Monday, December 21, 2009

Angel (1937)

Angel was the first film Ernst Lubitsch directed under the production code. And it shows. You can see Lubitsch struggling against the Code. His usual "touch," that light unobtrusive slyly sexual humor that his best movies exhibit, is a bit off somehow. To add to Angel's troubles, the film was cut down by twenty minutes to please the studio. That also shows. There are chunks of explanatory dialog missing. I was confused about the opening scene of the film, expecting it to be explained in the end and it simply wasn't. Worse, you can see moments where Lubitsch had given the actors space to actually react to things and those are pared down in the most noticeable way. In one scene Herbert Marshall comes to realize that his wife is the woman, "Angel" that his buddy Melvyn Douglas has been nattering on about for two reels. The film fades to black right in the middle of Marshall's reaction. His face is still changing. It's most disconcerting and I can only blame Paramount for this incompetence because I can't see a genius like Lubitsch actually pulling such a hack move.

Dietrich plays Maria Barker, wife of an important British diplomat, Sir Frederick Barker (Herbert Marshall) whose time is consumed by attempting to make peace in the Pre-World War II era. Through a slight case of mistaken identity she meets Tony Halton (Melvyn Douglas) in the Grand Duchess' Salon, which is far as I can tell is a cross between a single's bar and a brothel. The Grand Duchess, ably portrayed by Laura Hope Crewes is part time agony aunt to Maria with whom she has some mysterious, never quite explained connection. Halton shows up on the recommendation of a never-seen Captain Butler (remember this is two years BEFORE Gone With The Wind, I think the name was merely coincidence) looking for a good time. Maria offers to show him the Louvre, the Eiffel Tower and Notre Dame, though that's not what he had in mind. Those reading along might think some of this sounds remarkably similar to Ninotchka, made by Lubitsch also with Douglas and a fake Russian Emigre, Greta Garbo a few years later. But Angel is no Ninotchka and it's a bit of a puzzle as to why. Dietrich and Douglas' early scenes together, so critical to the believability of the rest of the film, are leaden where they should be light and ponderous when they should be breezy. I like both these actors separately, but together in these early scenes, I can't wait for the movie to well, move along.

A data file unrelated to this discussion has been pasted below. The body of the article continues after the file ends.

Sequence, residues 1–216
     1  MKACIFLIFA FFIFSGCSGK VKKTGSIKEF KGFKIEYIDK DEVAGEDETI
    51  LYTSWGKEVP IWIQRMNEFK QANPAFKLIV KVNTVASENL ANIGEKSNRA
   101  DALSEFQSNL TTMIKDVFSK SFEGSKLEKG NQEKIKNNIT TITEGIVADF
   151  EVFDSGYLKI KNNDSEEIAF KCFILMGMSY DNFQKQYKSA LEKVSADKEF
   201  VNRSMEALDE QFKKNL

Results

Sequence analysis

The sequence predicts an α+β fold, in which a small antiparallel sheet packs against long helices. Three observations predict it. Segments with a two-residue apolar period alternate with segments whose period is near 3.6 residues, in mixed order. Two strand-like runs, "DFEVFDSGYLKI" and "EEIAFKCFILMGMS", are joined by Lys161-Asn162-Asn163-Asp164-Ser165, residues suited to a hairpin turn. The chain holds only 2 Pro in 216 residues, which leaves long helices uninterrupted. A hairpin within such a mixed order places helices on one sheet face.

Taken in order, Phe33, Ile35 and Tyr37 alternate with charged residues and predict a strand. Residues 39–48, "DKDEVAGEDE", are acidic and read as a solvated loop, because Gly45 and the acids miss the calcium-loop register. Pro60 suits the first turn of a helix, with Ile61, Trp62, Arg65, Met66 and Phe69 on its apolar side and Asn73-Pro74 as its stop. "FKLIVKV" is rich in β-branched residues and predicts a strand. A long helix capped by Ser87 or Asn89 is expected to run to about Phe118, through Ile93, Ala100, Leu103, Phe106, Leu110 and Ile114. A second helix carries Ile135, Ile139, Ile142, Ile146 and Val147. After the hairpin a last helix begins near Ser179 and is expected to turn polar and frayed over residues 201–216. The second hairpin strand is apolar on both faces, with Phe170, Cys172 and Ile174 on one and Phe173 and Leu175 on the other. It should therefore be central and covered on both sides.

I literally said aloud, "oh thank God!" when I saw Edward Everett Horton's face in the next scenes. Now, we are actually going to have a comedy, I said. Well, almost. Horton has a small part that he does his best with as Graham, Barker's loyal manservant who judges the various European powers by the manners of their representatives at the League of Nations. He holds them all up to be lacking compared to those of his master, Sir Frederick who is smooth, easy-going and impecable in every way a butler could wish for. Unfortunately he's not so impeccable in every way a wife could wish for. After a wonderful bit of Lubitsch nonsense involving mixed up sleeping arrangements in the bedroom suite (the highlight of the movie for me), we see that Maria and Frederick's relationship is more or less platonic. I love Herbert Marshall and all, but really man, do you need a B12 shot or something? Can I get you a plate of oysters? This is Marlene Dietrich telling you about a dream she had in which you beat her and she quite liked it (Oh Lubitsch and his references to S&M are one of my favorite little quirks) and you run off to answer a telegram from the Yugoslavians. Sigh.

At a scene quite reminiscent of Notorious, Maria spots Halton at races through a pair of binoculars and begs to go home with a headache. Speaking of Hitchcock, the whole pre-World War II vibe is very Foriegn Correspondent-ish, right down to the fact that Maria and Sir Frederick have the exact same enormous Great Dane as Marhsall's character does in the later Hitchcock film. Wierd. Anywho, inevitably Halton and Sir Frederick meet, discover they once shared the affections of the same Parisian woman during the Great War and become fast friends. When Douglas and Dietrich are reunited, the sparks finally fly and both actors are really wonderful at showing just enough emotion to let the audience know what they are thinking. The way Douglas says "Hello, Angel" when they are finally alone together is enough to make me almost root for him. And that's saying a lot because y'all know I'm bananas for Herbie. Marshall and Douglas seem to enjoy being with each other more than they do Dietrich, which makes me wonder if Lubtisch wasn't just trying to remake Design for Living with the promise of "no sex" actually coming true. Marshall and Douglas' scenes together all slap you on the back old man, make you a gin and tonic and light your cigarette. I could just about watch 90 minutes of this camaraderie, but if it Lubitsch had allowed it to go on a second longer I would be convinced that it was the two guys who were lovers after all.